Ceropales maculata (Fabricius, 1775)


The distribution of Ceropales maculata seems to have a south-western bias with former strongholds in Cornwall, Devon and Dorset, although there are no records for the east Devon heaths (perhaps due to a low level of recording). Outside this area it is found along the west coast with scattered records inland. Recent Scottish records are from the shores of the Firth of Clyde and the Moray Firth; the Speyside records are all pre-1951. In Ireland the species is widespread, with a largely coastal distribution. Ceropales maculata appears to have undergone a dramatic decline during the second half of this century in many areas, although the Welsh populations still seem to be strong.

It is widely distributed across the Palaearctic from Europe and North Africa eastwards to Japan.

Status (in Britain only)

This species is not listed in either Shirt (1987) or Falk (1991): however, work for this Atlas suggests that its status should be reviewed.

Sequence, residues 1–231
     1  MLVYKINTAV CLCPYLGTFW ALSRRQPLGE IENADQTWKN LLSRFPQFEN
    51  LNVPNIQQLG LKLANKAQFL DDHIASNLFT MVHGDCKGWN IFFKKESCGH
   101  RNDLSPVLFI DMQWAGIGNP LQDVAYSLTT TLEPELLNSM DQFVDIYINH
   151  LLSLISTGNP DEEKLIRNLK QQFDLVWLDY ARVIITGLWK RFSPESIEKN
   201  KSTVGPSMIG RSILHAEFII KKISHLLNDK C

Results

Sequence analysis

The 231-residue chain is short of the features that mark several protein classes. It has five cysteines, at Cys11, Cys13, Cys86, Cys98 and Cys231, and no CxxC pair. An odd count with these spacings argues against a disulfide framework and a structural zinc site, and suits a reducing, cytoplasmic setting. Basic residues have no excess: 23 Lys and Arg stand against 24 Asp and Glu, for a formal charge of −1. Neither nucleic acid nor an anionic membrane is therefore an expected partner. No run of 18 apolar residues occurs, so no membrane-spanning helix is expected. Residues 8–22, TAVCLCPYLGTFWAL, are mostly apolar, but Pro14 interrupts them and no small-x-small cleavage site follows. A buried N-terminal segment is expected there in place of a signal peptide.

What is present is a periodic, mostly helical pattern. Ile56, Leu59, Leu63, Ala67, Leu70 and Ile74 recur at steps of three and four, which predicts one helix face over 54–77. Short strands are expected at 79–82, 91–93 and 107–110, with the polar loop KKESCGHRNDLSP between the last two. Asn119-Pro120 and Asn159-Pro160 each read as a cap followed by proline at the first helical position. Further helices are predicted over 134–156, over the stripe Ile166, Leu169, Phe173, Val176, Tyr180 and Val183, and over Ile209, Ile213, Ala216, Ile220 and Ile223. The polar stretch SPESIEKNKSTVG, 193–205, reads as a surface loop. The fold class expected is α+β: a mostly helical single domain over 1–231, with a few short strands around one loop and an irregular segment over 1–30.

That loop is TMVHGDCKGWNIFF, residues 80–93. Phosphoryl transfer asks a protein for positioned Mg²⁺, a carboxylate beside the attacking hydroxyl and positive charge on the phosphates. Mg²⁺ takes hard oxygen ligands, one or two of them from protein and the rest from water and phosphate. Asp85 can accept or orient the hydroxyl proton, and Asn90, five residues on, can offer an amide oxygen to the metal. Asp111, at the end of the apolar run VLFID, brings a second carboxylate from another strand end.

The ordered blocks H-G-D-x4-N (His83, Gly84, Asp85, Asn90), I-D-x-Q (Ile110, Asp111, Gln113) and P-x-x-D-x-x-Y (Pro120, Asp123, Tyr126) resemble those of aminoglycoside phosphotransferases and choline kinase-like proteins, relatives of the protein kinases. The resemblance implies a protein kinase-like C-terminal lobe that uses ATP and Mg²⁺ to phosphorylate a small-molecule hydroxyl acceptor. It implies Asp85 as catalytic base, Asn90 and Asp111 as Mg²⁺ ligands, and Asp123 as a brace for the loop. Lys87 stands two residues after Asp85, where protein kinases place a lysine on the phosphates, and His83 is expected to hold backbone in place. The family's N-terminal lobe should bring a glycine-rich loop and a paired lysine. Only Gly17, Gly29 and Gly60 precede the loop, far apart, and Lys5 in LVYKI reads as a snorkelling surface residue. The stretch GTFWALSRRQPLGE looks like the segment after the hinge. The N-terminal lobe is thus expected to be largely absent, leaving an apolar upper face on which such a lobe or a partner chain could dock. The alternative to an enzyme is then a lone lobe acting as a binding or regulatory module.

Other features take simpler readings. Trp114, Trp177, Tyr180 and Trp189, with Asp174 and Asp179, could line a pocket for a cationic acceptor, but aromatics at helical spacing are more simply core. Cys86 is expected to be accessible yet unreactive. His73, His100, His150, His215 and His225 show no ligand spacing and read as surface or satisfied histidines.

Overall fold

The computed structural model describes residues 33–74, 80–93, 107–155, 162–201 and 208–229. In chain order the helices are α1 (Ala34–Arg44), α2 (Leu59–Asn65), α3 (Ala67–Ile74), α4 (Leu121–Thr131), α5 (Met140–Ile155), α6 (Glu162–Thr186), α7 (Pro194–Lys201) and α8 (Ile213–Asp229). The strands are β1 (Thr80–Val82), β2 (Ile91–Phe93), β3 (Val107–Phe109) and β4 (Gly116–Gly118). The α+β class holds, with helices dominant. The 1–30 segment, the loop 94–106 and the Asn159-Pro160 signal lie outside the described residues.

Day (1988) is the standard work for identifying British Pompilidae. Wiśniowski (2009) is also useful.


Sand pits, heaths and coastal dunes.

Flight period

Univoltine; May to September.

Nesting biology

The genus Ceropales is unique in its approach to providing for its offspring. Females seek out female pompilids of other genera which are transporting their paralysed prey. The host female is driven off and the Ceropales female uses her highly modified abdomen to insert her egg into the lung-book of the paralysed spider. The prey is then abandoned and the host female usually returns to complete the process of dragging it back to its nest site, unaware of the egg hidden in the spider. The Ceropales egg hatches first in the completed brood cell and the larva immediately seeks out and consumes the egg of the host. It then feeds on the spider and develops normally (Day, 1988). Species in the genera Priocnemis, Pompilus, Agenioideus, Arachnospila, Anoplius, Episyron and Auplopus have all been reported as hosts to C. maculata in Britain and Europe. Other species which use spiders as prey, such as Miscophus (Crabronidae), may also be parasitised.

Flowers visited

Wild carrot.


No information available.

Author of profile

A S Davidson.

Year profile last updated